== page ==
Several people have been injured and the asphalt surface on the highway has cracked following a massive explosion in West Virginia, on Tuesday afternoon, December 11.
A part of the highway lit up, with flames lasting for approximately an hour. The incident occurred near the town of Sissonville, 10 miles (16 km) north of Charleston, before 12:40 p.m.
reports that the blast was caused by a natural gas pipeline blowing up in the area. The 20-inch (50-cm) transmission pipe is owned by Columbia Gas, NBC
Guardrails and parts of the pavement were set ablaze on Interstate 77. Reports say that the tall flames engulfed an 800-foot (243-metre) perimeter on the highway.
Several buildings in the area burnt down, with first responders describing them as "damaged beyond recognition."
The pipe burst near the Cedar Ridge Health Care Center, with all residents of the nursing home being transported to safety.
"Right now we have substantial damage done to several residences and buildings. They were substantially damaged beyond recognition," West Virginia State Police Sergeant Chris Zerkle informs.
Several people have been injured and many treated for smoke inhalation; however, no deaths caused by the incident have been reported so far. Homes and facilities have been evacuated, with residents staying inside until being told to leave the premises.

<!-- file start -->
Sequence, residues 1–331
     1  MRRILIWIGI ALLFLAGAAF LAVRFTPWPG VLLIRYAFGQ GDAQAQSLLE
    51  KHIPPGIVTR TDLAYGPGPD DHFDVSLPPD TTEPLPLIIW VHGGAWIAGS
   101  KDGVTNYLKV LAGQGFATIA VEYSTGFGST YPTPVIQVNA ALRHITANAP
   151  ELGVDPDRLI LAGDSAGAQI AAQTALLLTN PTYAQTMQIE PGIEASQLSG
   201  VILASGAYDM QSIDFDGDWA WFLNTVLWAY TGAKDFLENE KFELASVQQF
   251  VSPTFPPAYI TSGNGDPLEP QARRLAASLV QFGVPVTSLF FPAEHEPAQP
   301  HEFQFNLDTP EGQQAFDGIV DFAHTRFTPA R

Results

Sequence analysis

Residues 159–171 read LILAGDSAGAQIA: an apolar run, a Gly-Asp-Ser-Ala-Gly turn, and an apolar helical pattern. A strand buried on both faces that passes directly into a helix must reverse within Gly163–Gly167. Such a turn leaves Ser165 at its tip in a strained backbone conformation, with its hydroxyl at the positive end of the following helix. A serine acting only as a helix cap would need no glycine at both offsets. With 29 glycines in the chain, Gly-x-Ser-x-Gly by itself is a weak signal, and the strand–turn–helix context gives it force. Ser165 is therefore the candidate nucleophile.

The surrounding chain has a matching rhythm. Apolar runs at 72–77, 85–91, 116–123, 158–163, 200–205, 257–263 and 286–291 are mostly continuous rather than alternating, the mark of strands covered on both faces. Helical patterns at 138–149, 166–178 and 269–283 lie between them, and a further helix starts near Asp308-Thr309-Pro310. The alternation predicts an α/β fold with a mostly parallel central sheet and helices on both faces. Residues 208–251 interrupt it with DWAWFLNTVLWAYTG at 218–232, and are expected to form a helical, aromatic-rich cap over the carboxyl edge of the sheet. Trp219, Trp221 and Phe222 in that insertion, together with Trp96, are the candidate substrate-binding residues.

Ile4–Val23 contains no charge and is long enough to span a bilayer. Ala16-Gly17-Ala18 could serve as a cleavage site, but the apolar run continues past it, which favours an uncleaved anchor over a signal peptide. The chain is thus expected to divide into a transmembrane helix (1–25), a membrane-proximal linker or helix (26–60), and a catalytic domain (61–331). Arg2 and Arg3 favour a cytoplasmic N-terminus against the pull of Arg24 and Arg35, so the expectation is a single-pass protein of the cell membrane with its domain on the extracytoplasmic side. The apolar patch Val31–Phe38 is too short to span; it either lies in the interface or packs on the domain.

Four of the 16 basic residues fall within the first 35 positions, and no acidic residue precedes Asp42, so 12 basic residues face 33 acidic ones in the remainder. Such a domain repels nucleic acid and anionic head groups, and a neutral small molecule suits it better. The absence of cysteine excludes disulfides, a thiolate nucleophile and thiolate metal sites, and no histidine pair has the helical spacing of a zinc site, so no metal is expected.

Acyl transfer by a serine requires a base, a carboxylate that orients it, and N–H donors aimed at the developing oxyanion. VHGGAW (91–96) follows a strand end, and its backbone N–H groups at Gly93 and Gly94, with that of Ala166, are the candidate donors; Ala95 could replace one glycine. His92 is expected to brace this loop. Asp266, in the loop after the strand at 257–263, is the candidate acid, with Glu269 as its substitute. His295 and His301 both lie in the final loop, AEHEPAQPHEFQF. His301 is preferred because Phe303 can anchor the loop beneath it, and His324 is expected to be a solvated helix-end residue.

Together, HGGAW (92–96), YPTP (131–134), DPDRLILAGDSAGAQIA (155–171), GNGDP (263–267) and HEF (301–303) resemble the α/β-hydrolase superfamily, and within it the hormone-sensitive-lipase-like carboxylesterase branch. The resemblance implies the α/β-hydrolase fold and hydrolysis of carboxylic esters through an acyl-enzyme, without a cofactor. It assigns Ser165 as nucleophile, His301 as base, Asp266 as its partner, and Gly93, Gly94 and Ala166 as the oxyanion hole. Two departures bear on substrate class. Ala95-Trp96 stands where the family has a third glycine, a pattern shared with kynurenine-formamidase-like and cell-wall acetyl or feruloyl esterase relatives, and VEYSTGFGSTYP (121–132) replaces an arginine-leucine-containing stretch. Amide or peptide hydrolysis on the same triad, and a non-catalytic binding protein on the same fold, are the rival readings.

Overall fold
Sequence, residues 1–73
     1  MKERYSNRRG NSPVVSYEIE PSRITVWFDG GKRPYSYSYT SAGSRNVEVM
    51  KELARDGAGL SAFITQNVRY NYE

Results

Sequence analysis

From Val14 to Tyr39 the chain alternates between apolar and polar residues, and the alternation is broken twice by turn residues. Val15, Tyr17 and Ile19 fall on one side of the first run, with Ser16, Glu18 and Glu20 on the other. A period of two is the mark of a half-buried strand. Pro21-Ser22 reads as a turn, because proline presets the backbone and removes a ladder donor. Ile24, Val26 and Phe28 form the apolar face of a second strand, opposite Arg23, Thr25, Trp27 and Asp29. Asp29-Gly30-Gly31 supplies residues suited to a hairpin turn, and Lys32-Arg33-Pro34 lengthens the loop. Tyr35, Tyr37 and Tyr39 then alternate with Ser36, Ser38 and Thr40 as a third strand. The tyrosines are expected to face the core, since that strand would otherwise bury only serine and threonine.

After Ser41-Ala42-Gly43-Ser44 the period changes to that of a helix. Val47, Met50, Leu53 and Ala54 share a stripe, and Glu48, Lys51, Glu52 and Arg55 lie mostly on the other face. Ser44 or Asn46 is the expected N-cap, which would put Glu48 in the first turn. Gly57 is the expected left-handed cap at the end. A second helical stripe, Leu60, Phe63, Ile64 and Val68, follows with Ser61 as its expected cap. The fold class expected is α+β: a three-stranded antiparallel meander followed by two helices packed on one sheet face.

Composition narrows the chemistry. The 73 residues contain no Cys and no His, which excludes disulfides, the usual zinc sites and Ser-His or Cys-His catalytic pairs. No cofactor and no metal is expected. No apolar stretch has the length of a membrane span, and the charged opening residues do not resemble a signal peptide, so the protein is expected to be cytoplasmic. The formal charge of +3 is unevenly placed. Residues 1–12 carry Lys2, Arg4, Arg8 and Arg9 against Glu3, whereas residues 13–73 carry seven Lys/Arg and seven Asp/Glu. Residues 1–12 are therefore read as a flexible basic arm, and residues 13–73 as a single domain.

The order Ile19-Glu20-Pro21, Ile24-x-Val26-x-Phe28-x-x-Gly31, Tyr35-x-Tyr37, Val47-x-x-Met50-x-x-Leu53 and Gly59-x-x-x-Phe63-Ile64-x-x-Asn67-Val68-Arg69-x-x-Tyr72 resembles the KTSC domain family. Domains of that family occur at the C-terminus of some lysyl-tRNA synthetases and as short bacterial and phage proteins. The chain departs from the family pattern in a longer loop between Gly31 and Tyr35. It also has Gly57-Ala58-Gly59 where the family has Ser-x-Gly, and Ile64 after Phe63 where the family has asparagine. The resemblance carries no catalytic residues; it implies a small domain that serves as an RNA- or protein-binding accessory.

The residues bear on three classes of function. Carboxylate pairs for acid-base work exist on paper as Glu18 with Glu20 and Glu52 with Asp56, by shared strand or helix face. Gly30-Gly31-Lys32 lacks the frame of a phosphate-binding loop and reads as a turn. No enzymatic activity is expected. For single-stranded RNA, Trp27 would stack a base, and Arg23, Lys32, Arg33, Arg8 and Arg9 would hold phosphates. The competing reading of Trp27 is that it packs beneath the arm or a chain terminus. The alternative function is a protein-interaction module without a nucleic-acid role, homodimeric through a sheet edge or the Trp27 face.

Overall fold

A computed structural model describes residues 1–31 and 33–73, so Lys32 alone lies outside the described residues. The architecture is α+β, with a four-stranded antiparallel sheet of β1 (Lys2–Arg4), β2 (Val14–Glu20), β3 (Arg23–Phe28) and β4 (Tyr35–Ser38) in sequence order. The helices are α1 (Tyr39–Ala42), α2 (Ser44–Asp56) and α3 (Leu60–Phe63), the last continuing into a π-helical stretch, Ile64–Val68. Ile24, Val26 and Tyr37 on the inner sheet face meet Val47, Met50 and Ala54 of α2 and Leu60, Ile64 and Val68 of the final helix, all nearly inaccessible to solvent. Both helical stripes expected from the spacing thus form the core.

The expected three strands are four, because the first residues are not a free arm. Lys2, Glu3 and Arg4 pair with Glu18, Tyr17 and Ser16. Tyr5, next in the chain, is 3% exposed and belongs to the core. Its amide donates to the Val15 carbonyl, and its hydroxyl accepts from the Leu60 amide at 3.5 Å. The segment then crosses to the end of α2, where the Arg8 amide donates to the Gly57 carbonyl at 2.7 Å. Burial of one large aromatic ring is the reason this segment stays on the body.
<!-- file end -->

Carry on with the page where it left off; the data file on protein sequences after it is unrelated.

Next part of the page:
According to witness accounts, a large roar was heard and a massive impact was felt before the fire started, a sign that it was caused by an explosion.
The National Transportation Safety Board and U.S. Department of Transportation's Pipeline and Hazardous Materials Safety Administration have launched an investigation into what caused the blast in West Virginia.
Brent Walker, spokesman for the state Department of Transportation, states that, though the asphalt on the highway has been damaged, it is not melted. All portions of the Interstate will be reopened after they are resurfaced.
At the moment, Interstate 77 Northbound and County Road 21 were re-opened. Works continue on the Southbound lanes, local publication WSAZ
"The road is not melted," Walker clarifies.